The buffer is hardly ever used as a means
of polishing the nails. However, when it is used with a good powder
or paste polish it furnishes a beautiful day-time finish for the nails.
There are many shades of liquid nail polish on the market, but
the rose or brilliant red tints should be saved for evening use only.
There are many ‘’trick" shades of* ____
polish rnr evening use, some Indeed
are very smart, but such polishes
should only be used on perfectly
If ths nails are thin and trans
parent, a bleach may be used. This
bleach usually leaven a white sub
stance under the nails, so wash the
hands well and run an orange stick
under the nails after using the
hleach. Little bleaching strings may
be purchased In most drug sto.es
and are splendid for the purpose.'
These etrlngs may be carried in your
pun»e and If you find you can't give
the nails sufficient tune and care.
you will find them very effective and
more easily used than the paale
Lemon Juice is splendid for bleach
ing out stains from under and around
the nails. The finger Ups may be
dipped into the Juice, or an orange
wood etlck with a bit of cotton
wrapped around the end msy be
dipped in the lemon Juice then rubbed
over the area to be bleached. If the
B'alns do not respond to the lemon
Juice, a paste may be made of
powdered pumice end rerogfde Rub
tble over the etaina. then rinse the
hands m warm water.
Brittle nails ara ofian a sign of too
much acid In the system. If you
have this condition to any degree a
physician should be consulted. If
however, the nails remain brittle and
have a habit of breaicing and split
ting. a liberal amount of olive oil
should be marsaged Into and around
the nails. Allow it to remain on
Ragged edges and bang nails
should bo clipped as soon as possible
so as not to tear the flash, thus
A paste made of cornrneal and
buttermilk ie excellent for bleaching
the hands and shoulJ be permitted to
remain on overnight. Qiovea should
be worn to prevent the bleach from
staining the bed linens.
White spots on the finger nails
art bruises, caused by striking the
nail against hard objects and life
only remedy for such condition is to
avoid bruising the nails.
A knotted thread pulled toward
ths need.a will unravel Instantly.
• • •
To improve boiled hacon, add e
teaspoonful of vinegar, two cloves
and m little powdered nutmeg to the
• • •
To r»move coffee or tea stains
from delicate material, brush the
inai ks w'th glycerine. Rinse in luke
warm water and press on ths wrong
• • •
A slice of lemon added to stewing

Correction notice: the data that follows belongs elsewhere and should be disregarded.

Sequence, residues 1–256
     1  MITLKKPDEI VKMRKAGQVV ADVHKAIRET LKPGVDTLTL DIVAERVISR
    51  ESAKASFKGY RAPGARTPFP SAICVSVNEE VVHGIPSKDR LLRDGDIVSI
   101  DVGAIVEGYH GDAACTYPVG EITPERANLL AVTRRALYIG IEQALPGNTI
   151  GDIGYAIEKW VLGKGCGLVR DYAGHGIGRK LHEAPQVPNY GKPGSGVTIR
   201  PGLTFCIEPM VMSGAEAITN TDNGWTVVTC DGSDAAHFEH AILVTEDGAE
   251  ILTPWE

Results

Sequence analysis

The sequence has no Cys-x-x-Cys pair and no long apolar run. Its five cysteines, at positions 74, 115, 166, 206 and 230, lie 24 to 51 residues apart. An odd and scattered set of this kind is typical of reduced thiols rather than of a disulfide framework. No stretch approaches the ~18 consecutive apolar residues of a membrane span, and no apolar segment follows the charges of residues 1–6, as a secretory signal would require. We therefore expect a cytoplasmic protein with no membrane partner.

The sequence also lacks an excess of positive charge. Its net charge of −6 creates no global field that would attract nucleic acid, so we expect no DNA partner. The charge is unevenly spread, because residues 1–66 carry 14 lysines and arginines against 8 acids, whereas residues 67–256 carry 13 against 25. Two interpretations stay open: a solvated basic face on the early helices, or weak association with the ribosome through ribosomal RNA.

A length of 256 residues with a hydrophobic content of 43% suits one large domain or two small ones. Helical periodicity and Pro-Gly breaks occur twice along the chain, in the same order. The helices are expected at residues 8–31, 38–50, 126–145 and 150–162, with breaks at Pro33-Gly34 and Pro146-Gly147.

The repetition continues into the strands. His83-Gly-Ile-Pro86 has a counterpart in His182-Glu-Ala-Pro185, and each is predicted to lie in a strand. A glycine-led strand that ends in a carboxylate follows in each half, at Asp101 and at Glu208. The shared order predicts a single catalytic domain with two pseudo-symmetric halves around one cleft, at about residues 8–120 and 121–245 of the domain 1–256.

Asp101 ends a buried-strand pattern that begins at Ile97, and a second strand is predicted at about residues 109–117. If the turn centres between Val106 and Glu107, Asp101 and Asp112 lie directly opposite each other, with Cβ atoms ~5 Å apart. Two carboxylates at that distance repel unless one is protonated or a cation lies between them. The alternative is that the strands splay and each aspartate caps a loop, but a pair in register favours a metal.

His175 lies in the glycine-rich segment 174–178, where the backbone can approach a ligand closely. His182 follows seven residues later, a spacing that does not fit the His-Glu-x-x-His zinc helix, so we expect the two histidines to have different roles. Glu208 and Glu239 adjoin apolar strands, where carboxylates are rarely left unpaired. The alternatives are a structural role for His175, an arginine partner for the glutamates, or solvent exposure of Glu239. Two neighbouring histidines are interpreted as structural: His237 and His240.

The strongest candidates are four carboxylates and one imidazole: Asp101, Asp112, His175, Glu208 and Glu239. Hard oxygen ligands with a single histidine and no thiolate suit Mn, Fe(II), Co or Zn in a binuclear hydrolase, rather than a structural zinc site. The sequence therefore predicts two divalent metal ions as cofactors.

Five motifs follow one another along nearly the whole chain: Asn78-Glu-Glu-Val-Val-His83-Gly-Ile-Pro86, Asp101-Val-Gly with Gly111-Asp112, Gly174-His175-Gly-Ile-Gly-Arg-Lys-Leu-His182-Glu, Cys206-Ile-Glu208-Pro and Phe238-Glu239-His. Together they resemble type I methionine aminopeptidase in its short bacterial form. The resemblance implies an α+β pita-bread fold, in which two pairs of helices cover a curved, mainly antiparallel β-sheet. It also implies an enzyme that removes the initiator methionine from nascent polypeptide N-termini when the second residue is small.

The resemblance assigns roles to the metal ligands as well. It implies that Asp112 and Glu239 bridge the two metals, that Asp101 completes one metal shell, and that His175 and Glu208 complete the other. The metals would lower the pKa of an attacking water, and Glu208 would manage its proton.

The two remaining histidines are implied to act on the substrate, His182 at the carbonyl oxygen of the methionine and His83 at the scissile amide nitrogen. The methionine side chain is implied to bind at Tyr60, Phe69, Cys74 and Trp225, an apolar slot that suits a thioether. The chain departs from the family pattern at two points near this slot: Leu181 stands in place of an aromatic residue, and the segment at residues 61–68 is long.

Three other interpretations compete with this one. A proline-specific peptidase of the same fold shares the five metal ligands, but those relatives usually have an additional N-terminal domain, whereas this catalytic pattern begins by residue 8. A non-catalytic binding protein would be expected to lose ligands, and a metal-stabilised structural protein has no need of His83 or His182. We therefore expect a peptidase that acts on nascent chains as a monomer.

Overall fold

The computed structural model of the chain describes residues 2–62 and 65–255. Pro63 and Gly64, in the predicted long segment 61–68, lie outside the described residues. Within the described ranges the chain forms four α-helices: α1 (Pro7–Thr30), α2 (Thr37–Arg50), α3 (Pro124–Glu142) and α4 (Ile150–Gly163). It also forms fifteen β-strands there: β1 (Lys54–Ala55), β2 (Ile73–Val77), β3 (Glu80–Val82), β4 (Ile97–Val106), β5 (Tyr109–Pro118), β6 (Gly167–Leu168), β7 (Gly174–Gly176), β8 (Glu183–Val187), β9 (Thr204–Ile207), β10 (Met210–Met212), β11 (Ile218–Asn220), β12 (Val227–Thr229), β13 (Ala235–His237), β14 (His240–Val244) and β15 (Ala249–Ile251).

prunes improves the flavor consid
• • •
Telt weather stripping, which is
very inexpensive for temporary use.
stops up all cracks through which
the cold wtnd seers
a a •
In painting s chamber floor. If the
baseboard is painted -the same color
as the floor, there will l>e no danger
of sailing ths baseboard when the
ftoor is being cleaned.
a • a
The odor of onions can b* removed
much more quickly by the use of
cold water than bv the uss of warm.
• • •
A cork stuck on s kettle cover will
prevent burns on f ngers when lift
ing cover in a hurry. They can be
fastened on easily and neatly with
a piece of picture wiie.
Some Odd Facts
Heligoland 1* crumbling so rapidly
that JS76.000 Is being spent to l ie
vent it falling into the sea. The
sitm.il Island Is the remains of a tract
of land which • thousand years ago
was the size of the Isle of Wight.
Th® finest opal In th® world ha*
been unearthed at Lightning Ridge.
New South Wales. It is six and a
half inches by two inches, weighs
790 carats and combines every color
cf th® rainbow in shimmering per
The number of boys born still ex
ceeds that of girla the proportion
last year being one thousand and
forty-two troy* to one thousand girls.
The record for boy® via* In 191#
when It was one thousand and sixty
to one thousand.
Th® worker* of Flnrland spend
£30,000.000 a year !n travelling be
tween home and work.
The Stars Say—
For Saturday, Jan. 26.
It* CENEVIL\E KEMBLE.
THE sidereal operations for this
day enhanc® ell opportunity
for patient toil and diligence,
steadfastness and fidelity to be sub.
■tantlally recognized and compen
sated. These may be beeto.ved by
elderly person* or Institutions. But
there are likewise come omens of
danger through fire, law. theft or
slander or fraud.
Those whose birthday It ls are on
the threshold of a year of rewards
for patience, perseverance and re
[ sponsibility. Industry and enter
1 prise are encouraged. but there are
some of l«e*etting dangers through
law. fraud, theft, fire or slander. A
child born on this day may be tndus
tr.ous an# hardworking, faithful and
persevering, but It may need direc
tion Into ideals of truth and integ
rlty. It should exorcise caution a*
to personal safety also.
! nil and bo gfed' hot industry
inspiro into your quirkrnod limbs
her buoyant bromtk.— / homson.
—I I -
Romances of the World’s
Great T .oversB*C0ZETTE DOUGLASS
Irene, the llyaantine Empress.
FROM a poor orphan to reigning'
queen aeems a far atep. but
on* which actually waa ac
complished by the Lm press Irena,
wife of Lao IV. the Last Roman
Irene was a poor Athenian orphan,
who at the age of seventeen married
Leo then emperor of Constantinople.